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Jestersage

Talk, lanky... and landable???

Question

In a sense, it's a continuation of my "landing legs settings" question.

There are many "tall-and-lanky using landing legs" landers, such as this guy (not mine). However, they are able to land easily (I think) without the bouncing and falling over syndrome during my test.

So why are they able to do it, while my attempt failed until I gone with this?

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On 5/25/2018 at 2:50 AM, FireKerb said:

If you do want to land a tall lander, then be sure to land on somewhere flat. Even a slight tilt can be bad for your lander if it's tall. Fat landers are better in every aspect, though. Except for atmospheres (If you want to return). Duna's is usually not strong enough to disrupt ascent. If you are landed on Jool, you are having a bad day and will not go to Kerbin today (or anywhere else). The only times it matters in the stock system is on Eve and Laythe, but you can use parachutes to land and keep your craft upside up. And if you're landing on Kerbin... why?

TL;DR: Fat landers are the way to go.

 

Pretty much. The only real downside is getting them up in the first place -- cargo diameter constraints can be a real hassle on ascent.

 

One useful thing for taller landers not already mentioned, if you find you need them, is to pack reaction wheels to fight rotational torque. It's a kludge solution, though.

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As Rizzo said, basically: in the final seconds you need to make sure it's a slow, perfectly vertical landing on flat ground.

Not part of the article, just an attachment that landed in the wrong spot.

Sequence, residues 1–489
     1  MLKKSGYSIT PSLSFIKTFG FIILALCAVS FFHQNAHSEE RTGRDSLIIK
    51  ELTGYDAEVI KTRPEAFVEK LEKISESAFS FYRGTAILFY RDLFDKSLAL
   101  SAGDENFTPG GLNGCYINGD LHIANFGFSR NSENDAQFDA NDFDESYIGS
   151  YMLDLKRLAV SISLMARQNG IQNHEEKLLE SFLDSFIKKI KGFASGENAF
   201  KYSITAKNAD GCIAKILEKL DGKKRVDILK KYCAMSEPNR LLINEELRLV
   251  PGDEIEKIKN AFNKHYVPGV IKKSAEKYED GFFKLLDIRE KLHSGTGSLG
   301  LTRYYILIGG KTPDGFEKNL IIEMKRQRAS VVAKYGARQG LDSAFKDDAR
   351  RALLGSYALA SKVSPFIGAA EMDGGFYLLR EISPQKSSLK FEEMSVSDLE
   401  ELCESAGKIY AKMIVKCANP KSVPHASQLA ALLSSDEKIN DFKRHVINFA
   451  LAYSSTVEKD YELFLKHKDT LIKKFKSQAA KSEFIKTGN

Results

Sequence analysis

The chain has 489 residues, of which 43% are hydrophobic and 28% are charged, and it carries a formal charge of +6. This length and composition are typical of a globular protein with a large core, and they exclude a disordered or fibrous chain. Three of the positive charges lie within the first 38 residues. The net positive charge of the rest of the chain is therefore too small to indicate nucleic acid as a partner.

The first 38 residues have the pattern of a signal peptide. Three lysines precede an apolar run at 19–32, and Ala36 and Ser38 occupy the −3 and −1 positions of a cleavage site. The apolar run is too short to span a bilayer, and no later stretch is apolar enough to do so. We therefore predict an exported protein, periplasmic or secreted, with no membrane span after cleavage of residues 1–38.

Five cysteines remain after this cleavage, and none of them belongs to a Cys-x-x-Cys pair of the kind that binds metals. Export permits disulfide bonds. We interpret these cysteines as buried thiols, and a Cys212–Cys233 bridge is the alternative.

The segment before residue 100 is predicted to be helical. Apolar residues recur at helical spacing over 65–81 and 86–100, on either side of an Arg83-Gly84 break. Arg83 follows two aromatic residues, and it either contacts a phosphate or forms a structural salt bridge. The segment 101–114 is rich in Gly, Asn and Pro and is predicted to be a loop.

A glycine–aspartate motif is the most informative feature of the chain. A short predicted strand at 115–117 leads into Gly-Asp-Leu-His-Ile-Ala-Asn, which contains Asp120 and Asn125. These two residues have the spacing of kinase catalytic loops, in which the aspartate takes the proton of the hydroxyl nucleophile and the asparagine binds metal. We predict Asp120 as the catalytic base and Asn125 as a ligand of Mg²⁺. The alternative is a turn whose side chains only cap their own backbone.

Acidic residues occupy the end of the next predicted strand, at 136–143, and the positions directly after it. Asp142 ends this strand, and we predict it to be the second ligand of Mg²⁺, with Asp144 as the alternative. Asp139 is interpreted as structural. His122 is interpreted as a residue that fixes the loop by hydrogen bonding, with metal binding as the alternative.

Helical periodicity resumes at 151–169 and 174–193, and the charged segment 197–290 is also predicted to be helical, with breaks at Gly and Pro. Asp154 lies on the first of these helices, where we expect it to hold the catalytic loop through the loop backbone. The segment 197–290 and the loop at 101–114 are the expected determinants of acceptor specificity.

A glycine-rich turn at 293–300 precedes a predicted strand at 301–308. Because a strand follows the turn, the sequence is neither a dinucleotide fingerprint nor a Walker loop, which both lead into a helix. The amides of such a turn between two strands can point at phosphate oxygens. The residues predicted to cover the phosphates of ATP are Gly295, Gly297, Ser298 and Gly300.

If you look at that first pic again, the ship appears to be resting on its engine. The landing legs are a bit weak for that size of ship, so they won't provide much protection for a heavy landing and won't be able to right the ship if it starts to lean.

So I'd guess that (a) it was landed quite delicately, to avoid damage to the engine, and (b) SAS is still engaged to keep it upright, but (c) gimbal is probably turned off for that engine, so that SAS is only using reaction wheels and not moving the bell of the engine around.

 

Incidentally, turning engine gimbal off for landing is often a good idea since you want a smooth transition from horizontal to vertical motion in those final seconds before landing, irrespective of how much you're throttling the engine. Engine gimbal is fine if your throttle position is constant, but it's easy to spin out of control if you need to throttle up just as you touch down... and if you do end up facing upside down (like Rizzo mentions), you definitely can't use the engine gimbal to right yourself without accelerating right into the ground.
Engine gimbal can therefore put you quickly in a position that you can't get out of quickly without using the engine... but where using the engine would be suicidal.

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Some of it is down to the centre of mass. If it is low then the craft will be more stable on the ground.